To the present
Grace and favour apartments
The royal family may have left Hampton Court in 1737, but the palace and its apartments soon found another purpose. After George III (r 1760-1820) decided not to live there, there was debate as to the future of the palace’s thousands of rooms.
From the 1760s onwards, the palace was divided up for ‘grace-and-favour’ residents who were granted rent-free accommodation because they had given great service to the Crown or country. They lived, often with their own small households of servants above, underneath and around the state apartments.
A labyrinth of apartments
The whole palace was divided up into a labyrinth of apartments of varying size and quality. The average size was 12 to 14 rooms, many of them vast in scale. However, some apartments had no more than four rooms, while the largest had nearly 40.
Despite the grand location, the apartments were by no means luxurious. Yet competition for them was fierce and many applicants waited years in the hope of obtaining an apartment.
Over the next two hundred years a wide variety of people became Hampton Court residents. Lady Baden-Powell, the widow of the founder of the Scout movement, had apartments within Henry VIII's kitchens. The great experimental scientist Professor Michael Faraday (1791-1867) had a house on Hampton Court Green.
Victoria opens the palace to visitors
In 1838, the young Queen Victoria (r 1837-1901) ordered that Hampton Court Palace ‘should be thrown open to all her subjects without restriction.’
This was not a proclamation for the establishment of a commune to replace the grace-and-favour residencies, but was still a pretty far-reaching step.
Up to this point, visitors of appropriate social standing had been allowed a rather speedy tour of the palace on payment of a fee to the resident housekeeper. Now, all ranks of society were invited to stroll through the palace, and some had visions of ‘an insulting rabble marching through the State Apartments, tearing down tapestries, wrecking the furniture, and carrying off pictures.’
Restoration and conservation
At the same time, although – and perhaps partly because - Hampton Court had ceased to be a royal home, antiquarians and architects showed increasing interest in the surviving parts of the historic Tudor palace. Enthusiasm and support grew to restore the building to something of its original glory.
Between 1838 and 1851, about £7,000 a year was spent on restoration. The Great Hall, the Great Gatehouse and the whole of the West Front were ‘re-Tudorised’. Sash windows introduced in the 18th century were removed and new stone casement windows in a Tudor style were inserted.
A second phase of restoration between 1875 and 1900 paid more attention to historical precedent than those of the 1840s. Before long, Anne Boleyn's Gateway, the Great Gatehouse, several of the kitchen courtyards, Wolsey's Closet, the West Front moat and the Chapel windows had been restored.
Fire in the King’s Apartments
In the 1970s and early 1980s, more attention was given to the way visitors saw the palace. Exhibitions were introduced and some improvements made in the State Apartments, but all this was interrupted in 1986 by a fire that severely damaged a large part of the King's Apartments.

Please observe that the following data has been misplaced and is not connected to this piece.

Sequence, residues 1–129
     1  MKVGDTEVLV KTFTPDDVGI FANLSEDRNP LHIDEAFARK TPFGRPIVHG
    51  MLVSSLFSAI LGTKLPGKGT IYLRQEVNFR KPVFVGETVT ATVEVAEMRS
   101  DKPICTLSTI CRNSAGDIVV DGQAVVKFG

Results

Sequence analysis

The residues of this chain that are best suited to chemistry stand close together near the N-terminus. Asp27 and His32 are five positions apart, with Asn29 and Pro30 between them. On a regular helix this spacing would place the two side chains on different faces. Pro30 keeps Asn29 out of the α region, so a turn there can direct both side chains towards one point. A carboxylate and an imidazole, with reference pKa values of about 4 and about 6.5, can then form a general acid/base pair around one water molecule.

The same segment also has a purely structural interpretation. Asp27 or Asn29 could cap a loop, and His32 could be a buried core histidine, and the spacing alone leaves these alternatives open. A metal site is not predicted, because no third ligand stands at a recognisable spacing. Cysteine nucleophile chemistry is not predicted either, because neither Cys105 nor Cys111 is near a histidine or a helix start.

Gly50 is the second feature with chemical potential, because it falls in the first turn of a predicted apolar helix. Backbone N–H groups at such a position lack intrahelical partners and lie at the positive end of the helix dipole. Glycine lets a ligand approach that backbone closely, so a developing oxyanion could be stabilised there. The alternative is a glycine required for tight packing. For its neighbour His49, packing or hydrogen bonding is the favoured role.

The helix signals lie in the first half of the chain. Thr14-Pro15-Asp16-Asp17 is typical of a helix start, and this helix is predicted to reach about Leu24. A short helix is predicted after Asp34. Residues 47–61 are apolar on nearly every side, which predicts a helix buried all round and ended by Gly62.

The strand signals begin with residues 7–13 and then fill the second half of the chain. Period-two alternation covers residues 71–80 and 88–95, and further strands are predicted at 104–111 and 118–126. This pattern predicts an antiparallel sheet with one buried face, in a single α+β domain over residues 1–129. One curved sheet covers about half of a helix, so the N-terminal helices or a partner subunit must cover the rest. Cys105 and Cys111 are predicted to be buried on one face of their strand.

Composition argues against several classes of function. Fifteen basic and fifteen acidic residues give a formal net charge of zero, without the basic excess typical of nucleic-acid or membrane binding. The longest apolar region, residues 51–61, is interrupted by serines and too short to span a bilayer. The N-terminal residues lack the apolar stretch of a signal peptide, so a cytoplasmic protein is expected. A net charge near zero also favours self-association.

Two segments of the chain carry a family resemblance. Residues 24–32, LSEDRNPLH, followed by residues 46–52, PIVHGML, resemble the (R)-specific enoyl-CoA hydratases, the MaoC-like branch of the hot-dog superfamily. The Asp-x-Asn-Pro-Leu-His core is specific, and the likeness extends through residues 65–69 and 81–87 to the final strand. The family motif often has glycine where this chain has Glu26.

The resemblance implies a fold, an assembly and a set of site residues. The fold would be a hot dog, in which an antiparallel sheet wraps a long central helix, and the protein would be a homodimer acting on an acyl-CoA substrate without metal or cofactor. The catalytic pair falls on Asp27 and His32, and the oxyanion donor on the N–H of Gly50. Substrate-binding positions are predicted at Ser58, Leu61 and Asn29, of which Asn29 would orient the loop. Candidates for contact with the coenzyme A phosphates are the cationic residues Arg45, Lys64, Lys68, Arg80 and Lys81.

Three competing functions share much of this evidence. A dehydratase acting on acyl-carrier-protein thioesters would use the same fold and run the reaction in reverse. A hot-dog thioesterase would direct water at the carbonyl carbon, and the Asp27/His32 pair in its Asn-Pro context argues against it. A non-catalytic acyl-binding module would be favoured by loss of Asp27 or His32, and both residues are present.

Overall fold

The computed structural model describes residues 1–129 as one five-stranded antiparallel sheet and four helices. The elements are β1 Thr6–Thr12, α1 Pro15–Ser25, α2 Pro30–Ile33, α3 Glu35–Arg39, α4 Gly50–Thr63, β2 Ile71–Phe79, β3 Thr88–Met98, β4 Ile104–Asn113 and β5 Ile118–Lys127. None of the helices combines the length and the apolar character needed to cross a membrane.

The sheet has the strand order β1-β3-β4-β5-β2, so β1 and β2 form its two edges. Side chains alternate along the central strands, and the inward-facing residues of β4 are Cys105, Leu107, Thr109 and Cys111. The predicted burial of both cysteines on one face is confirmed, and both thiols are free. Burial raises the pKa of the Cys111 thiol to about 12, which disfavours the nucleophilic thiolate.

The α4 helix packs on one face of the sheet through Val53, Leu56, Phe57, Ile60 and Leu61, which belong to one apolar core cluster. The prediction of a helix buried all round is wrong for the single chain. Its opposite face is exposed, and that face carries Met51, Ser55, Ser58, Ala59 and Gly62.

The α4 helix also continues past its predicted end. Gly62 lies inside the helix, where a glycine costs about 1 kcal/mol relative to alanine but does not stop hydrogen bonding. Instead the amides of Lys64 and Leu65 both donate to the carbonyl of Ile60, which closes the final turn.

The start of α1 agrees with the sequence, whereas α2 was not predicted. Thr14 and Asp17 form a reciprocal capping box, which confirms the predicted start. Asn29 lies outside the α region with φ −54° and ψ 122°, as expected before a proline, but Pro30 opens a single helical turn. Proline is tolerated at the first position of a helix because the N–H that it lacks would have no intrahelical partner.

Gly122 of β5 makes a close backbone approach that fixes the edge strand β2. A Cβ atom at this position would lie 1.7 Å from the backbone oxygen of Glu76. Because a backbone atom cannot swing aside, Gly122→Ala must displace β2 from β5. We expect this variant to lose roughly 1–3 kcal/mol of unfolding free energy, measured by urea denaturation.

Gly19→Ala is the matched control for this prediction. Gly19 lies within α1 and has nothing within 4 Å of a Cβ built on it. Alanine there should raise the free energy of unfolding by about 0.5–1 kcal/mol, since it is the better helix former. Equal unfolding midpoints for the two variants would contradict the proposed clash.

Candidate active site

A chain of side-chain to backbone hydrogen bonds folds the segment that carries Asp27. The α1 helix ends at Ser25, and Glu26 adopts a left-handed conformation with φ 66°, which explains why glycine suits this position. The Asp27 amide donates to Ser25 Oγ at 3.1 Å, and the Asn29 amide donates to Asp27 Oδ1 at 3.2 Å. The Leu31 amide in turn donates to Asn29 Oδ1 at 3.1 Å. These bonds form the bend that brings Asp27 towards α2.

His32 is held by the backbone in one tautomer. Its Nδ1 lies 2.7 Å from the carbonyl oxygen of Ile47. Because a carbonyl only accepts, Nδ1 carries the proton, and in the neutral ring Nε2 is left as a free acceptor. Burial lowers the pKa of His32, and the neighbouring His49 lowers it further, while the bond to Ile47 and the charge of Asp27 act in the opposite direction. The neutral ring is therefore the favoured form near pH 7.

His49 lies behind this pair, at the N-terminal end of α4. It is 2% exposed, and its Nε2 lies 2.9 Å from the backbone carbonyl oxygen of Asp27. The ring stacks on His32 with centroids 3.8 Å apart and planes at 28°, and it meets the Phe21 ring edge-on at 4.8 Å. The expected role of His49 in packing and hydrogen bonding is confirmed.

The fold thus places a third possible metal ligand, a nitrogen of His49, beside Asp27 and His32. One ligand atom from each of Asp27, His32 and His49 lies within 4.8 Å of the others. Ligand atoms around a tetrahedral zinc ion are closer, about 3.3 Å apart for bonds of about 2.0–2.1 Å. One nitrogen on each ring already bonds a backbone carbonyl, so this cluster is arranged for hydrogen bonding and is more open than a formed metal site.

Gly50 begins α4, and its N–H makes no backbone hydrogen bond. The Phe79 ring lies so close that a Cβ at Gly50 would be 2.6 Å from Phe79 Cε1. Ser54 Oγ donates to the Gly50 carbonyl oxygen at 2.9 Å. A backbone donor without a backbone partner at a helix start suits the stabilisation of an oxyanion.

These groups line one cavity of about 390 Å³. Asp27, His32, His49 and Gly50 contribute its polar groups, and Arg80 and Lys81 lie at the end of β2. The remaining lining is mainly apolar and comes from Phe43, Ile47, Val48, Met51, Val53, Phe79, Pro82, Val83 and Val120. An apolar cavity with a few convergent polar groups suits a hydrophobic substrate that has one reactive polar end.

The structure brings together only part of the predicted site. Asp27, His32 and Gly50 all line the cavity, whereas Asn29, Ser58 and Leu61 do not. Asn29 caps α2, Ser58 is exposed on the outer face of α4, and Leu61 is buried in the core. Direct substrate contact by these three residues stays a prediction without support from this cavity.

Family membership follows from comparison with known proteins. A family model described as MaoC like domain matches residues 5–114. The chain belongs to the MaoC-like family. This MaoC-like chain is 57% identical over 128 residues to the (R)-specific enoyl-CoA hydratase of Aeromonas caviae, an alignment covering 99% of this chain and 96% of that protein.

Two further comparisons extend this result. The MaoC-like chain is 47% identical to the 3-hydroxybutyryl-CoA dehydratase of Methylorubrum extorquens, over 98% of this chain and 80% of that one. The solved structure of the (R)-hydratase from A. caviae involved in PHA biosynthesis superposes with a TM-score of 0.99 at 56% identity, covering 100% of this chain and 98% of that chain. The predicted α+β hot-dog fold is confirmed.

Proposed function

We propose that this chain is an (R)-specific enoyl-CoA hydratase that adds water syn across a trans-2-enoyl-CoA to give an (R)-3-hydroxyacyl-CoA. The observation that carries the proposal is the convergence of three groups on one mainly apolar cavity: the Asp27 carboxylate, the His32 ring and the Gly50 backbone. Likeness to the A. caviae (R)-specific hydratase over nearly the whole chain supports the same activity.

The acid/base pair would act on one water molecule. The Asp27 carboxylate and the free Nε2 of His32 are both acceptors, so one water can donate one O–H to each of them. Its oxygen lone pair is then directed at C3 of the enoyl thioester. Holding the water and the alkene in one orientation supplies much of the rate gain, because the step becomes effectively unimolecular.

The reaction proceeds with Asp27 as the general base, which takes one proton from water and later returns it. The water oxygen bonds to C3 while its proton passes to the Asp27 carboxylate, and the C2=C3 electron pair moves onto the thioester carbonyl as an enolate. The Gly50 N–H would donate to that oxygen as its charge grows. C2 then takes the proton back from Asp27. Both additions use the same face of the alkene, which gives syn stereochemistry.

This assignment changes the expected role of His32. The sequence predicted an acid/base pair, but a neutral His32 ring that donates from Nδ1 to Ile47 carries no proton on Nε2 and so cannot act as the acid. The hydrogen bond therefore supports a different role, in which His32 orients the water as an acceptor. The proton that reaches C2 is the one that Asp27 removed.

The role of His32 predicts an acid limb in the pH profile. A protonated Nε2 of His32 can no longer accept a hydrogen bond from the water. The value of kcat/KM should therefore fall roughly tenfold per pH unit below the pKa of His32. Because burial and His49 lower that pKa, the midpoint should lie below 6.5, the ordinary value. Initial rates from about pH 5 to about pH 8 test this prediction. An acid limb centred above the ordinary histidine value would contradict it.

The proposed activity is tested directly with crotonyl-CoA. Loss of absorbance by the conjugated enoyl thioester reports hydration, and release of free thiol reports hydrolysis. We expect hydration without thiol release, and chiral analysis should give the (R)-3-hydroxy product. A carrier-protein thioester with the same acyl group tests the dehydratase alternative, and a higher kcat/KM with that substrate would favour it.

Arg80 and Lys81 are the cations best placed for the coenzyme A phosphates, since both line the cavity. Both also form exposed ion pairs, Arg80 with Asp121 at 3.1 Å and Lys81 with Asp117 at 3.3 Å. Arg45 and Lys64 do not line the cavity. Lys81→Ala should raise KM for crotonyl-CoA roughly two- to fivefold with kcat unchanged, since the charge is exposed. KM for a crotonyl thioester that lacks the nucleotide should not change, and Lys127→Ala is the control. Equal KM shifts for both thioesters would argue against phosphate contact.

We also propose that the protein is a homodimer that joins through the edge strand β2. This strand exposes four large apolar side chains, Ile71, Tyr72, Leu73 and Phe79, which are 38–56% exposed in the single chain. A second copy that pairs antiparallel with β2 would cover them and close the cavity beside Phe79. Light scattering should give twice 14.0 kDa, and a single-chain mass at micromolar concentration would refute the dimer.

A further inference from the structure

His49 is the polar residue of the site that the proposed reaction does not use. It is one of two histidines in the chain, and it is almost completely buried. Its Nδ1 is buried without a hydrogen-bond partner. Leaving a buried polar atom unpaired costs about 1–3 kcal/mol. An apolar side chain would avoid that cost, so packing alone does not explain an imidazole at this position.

Repairs took six years and led to the largest series of restorations at the palace since the 1880s. These were largely completed in 1995.
The most visible result of this work was the restoration and display of William III’s King’s Apartments. These were re-created to their original form and decoration: furniture, paintings and tapestries were returned to the rooms for which they were originally intended, and from which they had been removed after the last royal visits in the 18th century.
Focusing on visitors
A similar project saw the Queen’s Apartments restored to their former glory, and Hampton Court was made generally more accessible and meaningful for the visitor by the establishment of a series of defined ‘routes’ through the palace.
The Tudor Kitchens were also stripped of the partitions and later insertions provided for grace-and-favour residents. The Privy Garden (which had become a rather atmospheric, but unhistoric, wilderness) was replanted to its 17th-century design.
Conservation and restoration of Hampton Court Palace continues. The vast majority of the palace buildings are now either open to the public or used as office space and store-rooms, although a small group of grace-and-favour residencies remain.
Perhaps surprisingly, new building works are also commissioned: 2007 has seen the opening of the brand new Clore Education Centre outside the palace’s West Front.
Interpreting and explaining the palace to the visitor also remains an ongoing challenge. Hampton Court has many histories, and understanding – and finding your way around – the complex geography of the site can be challenging.
It is perhaps easiest to think of Hampton Court as the ‘story of two palaces’: a Tudor palace established by Cardinal Thomas Wolsey and made even more magnificent by Henry VIII, alongside a baroque palace built by William III and Mary II.
Yet dig a little deeper, and you will find many more hidden stories covering five hundred years of royal history.